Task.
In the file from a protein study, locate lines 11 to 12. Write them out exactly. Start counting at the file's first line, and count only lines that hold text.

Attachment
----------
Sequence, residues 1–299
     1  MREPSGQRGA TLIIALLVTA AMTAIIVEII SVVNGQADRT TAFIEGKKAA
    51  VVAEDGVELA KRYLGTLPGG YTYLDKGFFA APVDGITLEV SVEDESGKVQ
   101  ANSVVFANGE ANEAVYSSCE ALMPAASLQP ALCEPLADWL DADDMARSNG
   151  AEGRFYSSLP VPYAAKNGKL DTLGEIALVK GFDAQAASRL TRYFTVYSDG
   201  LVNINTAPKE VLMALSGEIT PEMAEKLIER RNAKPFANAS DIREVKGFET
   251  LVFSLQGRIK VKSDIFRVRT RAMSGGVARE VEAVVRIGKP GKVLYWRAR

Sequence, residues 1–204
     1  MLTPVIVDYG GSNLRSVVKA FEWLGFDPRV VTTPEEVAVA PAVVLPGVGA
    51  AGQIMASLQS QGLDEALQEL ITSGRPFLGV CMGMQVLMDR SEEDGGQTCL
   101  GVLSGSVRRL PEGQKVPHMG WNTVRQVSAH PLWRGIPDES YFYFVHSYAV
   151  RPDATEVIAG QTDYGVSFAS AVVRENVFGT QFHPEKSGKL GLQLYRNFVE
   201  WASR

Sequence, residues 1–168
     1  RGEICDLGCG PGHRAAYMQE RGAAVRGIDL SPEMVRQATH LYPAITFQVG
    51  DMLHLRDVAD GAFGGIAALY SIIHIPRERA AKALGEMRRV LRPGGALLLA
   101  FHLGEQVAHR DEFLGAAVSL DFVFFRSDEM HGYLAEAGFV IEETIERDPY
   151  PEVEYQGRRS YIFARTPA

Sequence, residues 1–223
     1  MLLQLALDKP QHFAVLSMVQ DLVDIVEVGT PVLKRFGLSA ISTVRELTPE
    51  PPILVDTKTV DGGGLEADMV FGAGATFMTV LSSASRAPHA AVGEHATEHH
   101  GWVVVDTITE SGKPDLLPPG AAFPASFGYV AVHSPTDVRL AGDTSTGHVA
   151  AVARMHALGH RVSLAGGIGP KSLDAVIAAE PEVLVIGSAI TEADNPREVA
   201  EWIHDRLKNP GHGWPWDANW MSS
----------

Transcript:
   101  GVLSGSVRRL PEGQKVPHMG WNTVRQVSAH PLWRGIPDES YFYFVHSYAV
   151  RPDATEVIAG QTDYGVSFAS AVVRENVFGT QFHPEKSGKL GLQLYRNFVE